Third, start with no and move toward yes. “The church’s inclination is to begin with yes,” Kieve noted, but this is one case where it is best to begin with a no and then seek reasons to move toward a yes as more information is gathered and verified.
Fourth, get help from professionals before including offenders. They advised seeking help from local police units that deal with sex offenders or local therapists or nonprofits with expertise. “Find people who can help you understand the offender’s experience on your way to yes,” Kieve said.
This is important because most church leaders are too trusting and don’t know to be wary of the kind of compulsive behavior that drives most sex offenders, she added. “Reach out and connect with your local rape crisis center or child crisis center. These are some of the people who know the MO of sex offenders and how they operate. Also reach out to the law enforcement division that deals with such crimes.”
Fifth, everyone needs to know. Unlike the kind of privacy that would be appropriate for many other offenses, information about the presence of a sex offender in the congregation must be shared with the congregation in some way, they advised. To understand why this is essential, Kieve said, imagine a family with young children who sees a person at church, then sees that person at the grocery store and doesn’t know not to begin a friendly relationship that could make their children vulnerable.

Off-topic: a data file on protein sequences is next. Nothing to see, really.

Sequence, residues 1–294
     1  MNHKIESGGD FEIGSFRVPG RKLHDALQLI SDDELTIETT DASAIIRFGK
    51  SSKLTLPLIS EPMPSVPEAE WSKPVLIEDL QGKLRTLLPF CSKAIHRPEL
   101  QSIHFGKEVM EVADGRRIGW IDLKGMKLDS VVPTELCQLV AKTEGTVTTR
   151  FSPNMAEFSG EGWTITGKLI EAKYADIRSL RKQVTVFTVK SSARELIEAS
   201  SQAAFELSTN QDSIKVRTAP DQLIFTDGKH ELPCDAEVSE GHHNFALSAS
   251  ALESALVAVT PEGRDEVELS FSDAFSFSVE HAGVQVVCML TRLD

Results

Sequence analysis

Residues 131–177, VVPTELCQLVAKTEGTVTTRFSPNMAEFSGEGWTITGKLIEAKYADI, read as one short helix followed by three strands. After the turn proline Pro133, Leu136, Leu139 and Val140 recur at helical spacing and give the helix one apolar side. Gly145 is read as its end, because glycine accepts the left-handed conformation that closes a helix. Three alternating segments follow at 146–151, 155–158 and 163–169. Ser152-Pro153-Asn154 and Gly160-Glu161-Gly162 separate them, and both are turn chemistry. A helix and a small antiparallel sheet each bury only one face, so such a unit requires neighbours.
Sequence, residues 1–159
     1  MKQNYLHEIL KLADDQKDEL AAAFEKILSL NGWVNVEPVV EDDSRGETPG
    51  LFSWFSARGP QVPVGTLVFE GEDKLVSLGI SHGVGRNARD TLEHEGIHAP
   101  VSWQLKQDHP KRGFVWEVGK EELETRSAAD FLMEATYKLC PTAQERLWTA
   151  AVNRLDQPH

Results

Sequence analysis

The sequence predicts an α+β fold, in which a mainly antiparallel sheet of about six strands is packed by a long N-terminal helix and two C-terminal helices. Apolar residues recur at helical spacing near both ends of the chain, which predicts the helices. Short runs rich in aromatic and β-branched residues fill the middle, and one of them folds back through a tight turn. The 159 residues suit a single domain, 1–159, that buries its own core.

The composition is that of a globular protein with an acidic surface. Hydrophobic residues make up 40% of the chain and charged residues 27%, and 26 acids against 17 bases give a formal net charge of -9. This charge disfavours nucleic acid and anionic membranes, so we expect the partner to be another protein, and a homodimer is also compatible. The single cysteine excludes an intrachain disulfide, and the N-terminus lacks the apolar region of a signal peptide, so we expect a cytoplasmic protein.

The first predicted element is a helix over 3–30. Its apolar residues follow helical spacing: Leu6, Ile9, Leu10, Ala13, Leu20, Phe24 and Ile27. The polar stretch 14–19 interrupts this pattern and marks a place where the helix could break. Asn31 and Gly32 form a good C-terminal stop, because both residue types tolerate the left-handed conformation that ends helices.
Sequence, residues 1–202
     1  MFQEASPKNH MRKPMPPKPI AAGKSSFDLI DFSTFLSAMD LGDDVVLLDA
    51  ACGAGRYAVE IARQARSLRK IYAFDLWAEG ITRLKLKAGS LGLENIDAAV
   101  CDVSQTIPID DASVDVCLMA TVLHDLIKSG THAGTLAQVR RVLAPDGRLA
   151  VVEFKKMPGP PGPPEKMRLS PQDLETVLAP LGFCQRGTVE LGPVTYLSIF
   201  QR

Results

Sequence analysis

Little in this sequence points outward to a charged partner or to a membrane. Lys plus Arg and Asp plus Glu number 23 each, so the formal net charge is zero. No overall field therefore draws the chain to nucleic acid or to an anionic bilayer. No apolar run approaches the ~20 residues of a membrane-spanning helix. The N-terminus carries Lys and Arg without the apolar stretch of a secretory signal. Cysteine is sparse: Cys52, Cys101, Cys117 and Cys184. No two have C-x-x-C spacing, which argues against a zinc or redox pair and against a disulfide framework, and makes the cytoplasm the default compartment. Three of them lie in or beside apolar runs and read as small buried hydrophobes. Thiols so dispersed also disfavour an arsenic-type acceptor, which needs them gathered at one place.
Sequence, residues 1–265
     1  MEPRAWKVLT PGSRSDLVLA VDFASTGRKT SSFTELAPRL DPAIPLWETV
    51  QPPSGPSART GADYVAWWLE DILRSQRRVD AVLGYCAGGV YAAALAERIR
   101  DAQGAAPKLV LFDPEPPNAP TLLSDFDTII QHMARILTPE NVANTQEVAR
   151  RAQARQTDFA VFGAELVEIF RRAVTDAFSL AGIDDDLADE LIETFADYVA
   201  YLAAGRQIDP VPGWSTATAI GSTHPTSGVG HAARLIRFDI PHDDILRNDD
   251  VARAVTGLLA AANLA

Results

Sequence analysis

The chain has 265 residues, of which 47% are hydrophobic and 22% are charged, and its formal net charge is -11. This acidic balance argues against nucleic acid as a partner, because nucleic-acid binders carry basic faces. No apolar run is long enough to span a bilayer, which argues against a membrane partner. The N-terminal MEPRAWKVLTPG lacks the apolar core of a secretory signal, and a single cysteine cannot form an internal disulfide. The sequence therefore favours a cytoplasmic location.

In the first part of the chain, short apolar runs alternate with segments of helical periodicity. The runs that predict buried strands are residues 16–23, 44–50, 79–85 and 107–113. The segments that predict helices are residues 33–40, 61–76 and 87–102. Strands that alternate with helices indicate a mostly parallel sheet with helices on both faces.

Information about the presence of a sex offender in the congregation must be shared with the congregation in some way.
Nevertheless, congregations that need to disclose the presence of a sex offender in the congregation can find gentle ways of doing so that are not about shaming, he said. “The purpose is not to heap more trouble on the person.”
Beyond these five steps, there are other practical considerations Kieve and Nettles discussed, such as limiting where in the building a sex offender may go; prohibiting volunteering or interacting with children or youth, if that is the nature of their offense; and creating a team of three to five people to be present with the sex offender at all times on the church campus.
Kieve and Nettles offered a handout that included a model policy churches might adapt for their own use. It reads:
Safe Baptist Church seeks to demonstrate the love of Christ for the world by being open to, and accepting of, all people who seek to be a child of God. In order to be a safe place for all who attend, individuals who must register as sexual offenders (“offenders”) must comply with the following policy in order to participate in the congregational life of Safe Baptist Church.
Safe Baptist Church retains the right to deny attendance, participation, and/or membership to any individual who fails to comply with this policy. Furthermore, Safe Baptist retains sole discretion to deny attendance, participation, and/or membership to any person whose behavior, criminal conviction, and/or sexual offender status gives reason to believe that person would endanger others, regardless of policy compliance. Additionally, offenders are disqualified from participation if their victims are members/attenders of the church. Failure to comply with Safe Baptist Church’s request to vacate the campus or activity will result in reporting to law enforcement for criminal trespassing.
When a known sexual offender seeks participation with Safe Baptist Church, the senior pastor or designee will consult an independent child safeguarding specialist to evaluate the participation request and formulate a ministry plan. The proposed plan must include notification to the congregation of the presence of the known offender and the protocols being put into place.